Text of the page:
Invisibility-Cloak Materials Bend Light "Backward"
for National Geographic News
|August 12, 2008|
Invisibility cloaks may be a bit closer to reality, researchers say, thanks to the development of two new materials that are the first to bend visible light the "wrong" way in three dimensions.
The so-called metamaterials are artificial composites designed to manipulate light in ways that natural materials can't—in these cases by refracting it backward. (Related: "The Power of Light" in National Geographic magazine.)
If their cloaking capabilities are fully realized, metamaterials could make an object invisible by bending light waves so that they curve around the object and then reconnect, seemingly unaltered, on the other side—similar to the way water flows around a boulder.
"Of course cloaking captures everybody's attention, but these papers aren't [just] about cloaking," said Xiang Zhang, a professor at the University of California, Berkeley, and head of the research teams publishing related papers in two different journals this week.
"[The studies] are about the ability to engineer these material properties that never exist in nature. With that ability one can do many things, and cloaking is only one of them."
Such materials could also boost the power of microchips and antennas and allow the creation of "superlenses" that could image objects smaller than the wavelength of light, the study authors report.
One new metamaterial, described in Science, is a microscopic arrangement of silver wires—each about 20 times thinner than a human hair—embedded in aluminum oxide.
The other metamaterial, detailed online in Nature, is a layer cake of alternating nanoscale strips of silver and magnesium fluoride that were cut into a fishnet pattern.
Both materials exhibit negative refraction—bending visible light in a different direction than expected in nature.
A pencil sticking out a glass of water, for example, normally appears slightly bent at the point where it meets the water's surface but is still seen submerged. With negative refraction, the pencil would appear to stick back out of the water.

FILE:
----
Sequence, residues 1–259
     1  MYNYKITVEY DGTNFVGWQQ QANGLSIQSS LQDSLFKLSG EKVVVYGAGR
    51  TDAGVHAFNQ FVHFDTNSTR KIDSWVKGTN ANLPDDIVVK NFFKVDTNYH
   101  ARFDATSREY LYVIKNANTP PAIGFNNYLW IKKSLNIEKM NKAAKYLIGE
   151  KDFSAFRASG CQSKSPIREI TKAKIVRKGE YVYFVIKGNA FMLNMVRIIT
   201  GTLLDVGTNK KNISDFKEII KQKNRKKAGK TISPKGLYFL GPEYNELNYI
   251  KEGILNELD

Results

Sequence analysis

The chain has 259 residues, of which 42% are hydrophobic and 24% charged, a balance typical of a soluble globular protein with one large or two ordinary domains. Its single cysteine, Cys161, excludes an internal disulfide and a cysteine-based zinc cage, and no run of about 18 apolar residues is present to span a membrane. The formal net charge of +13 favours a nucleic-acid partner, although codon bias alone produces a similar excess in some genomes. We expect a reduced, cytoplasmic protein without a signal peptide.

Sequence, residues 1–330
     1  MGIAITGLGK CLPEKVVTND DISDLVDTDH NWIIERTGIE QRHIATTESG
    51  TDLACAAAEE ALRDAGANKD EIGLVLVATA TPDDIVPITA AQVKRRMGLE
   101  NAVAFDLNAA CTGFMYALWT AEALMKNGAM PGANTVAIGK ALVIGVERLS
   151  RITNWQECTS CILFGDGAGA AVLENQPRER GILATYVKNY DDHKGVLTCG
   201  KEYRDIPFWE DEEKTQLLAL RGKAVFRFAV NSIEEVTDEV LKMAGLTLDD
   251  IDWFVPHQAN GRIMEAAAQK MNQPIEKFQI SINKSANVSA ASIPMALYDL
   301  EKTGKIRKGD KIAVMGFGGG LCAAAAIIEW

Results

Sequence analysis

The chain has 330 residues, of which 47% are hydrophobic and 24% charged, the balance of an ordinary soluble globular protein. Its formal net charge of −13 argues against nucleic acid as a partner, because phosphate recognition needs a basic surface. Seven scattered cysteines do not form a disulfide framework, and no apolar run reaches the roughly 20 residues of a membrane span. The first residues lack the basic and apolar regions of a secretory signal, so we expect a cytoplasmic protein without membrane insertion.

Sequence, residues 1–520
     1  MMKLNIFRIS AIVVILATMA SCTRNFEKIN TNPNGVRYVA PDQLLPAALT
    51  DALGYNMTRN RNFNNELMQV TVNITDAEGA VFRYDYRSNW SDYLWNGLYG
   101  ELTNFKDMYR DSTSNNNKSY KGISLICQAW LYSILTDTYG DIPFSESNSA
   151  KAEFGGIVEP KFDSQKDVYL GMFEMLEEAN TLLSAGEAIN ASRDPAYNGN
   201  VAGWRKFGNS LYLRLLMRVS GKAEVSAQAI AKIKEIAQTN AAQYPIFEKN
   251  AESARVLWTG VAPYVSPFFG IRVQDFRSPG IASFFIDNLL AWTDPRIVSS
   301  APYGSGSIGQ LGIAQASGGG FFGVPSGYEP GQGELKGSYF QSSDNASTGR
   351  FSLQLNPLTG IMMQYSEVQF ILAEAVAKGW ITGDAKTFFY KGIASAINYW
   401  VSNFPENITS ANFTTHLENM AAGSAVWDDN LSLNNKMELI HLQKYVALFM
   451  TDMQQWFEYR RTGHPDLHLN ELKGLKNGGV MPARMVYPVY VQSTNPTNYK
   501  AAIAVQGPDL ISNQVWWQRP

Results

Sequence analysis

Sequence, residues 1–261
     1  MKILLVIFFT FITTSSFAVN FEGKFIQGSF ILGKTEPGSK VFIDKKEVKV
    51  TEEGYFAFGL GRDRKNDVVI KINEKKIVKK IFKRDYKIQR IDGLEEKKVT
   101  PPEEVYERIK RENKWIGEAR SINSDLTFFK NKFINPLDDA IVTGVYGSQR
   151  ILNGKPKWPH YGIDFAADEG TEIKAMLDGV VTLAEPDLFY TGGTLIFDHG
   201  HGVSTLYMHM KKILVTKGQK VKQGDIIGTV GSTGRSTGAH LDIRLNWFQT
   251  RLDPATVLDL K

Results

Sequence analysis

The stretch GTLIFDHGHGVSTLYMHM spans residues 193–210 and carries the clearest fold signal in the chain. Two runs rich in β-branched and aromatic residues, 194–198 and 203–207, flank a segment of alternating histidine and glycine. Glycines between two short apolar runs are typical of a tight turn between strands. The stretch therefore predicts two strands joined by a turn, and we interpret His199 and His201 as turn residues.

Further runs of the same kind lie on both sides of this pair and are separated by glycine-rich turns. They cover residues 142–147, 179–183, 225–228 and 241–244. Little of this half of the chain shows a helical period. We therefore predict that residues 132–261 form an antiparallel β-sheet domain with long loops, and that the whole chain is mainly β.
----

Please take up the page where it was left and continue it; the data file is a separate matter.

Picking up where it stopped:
Previous metamaterials have been able to achieve a cloaking effect only in two dimensions in larger microwave wavelengths that are not visible to humans.
In addition to having 3-D negative refraction for a broader visible light spectrum, the new advances help overcome the sticky problem of energy loss.
Previous metamaterials actually absorbed most of the light, rather than bending it away, reducing the "invisible" properties. The new materials were designed to keep energy away from the most absorbent materials.
"It's like when you try to cross a river and keep your feet dry. You may jump across stones and cross without getting your feet wet," study leader Zhang said.
"That's exactly what we did. We tried to engineer these materials such that energy passing through is hopping through [other materials] and not the metal—because in the metal you have a big energy loss."
David Schurig, a physicist and metamaterial expert at North Carolina State University in Raleigh, called the types of materials discussed by both papers "probably the most exciting metamaterials in existence today."
"Even in their current state, or maybe a few generations [later], they could have applications in optical communications or imaging," added Schurig, who was not involved with the research.
But, he noted, efforts to cloak anything above microscopic size are likely quite a ways off.
"You want to cloak things that are big, otherwise they are already essentially invisible, because they are [microscopic]," Schurig said.
"To cloak a person, you need metamaterial that's on that length scale, and that's much, much bigger than what [these papers] have demonstrated."
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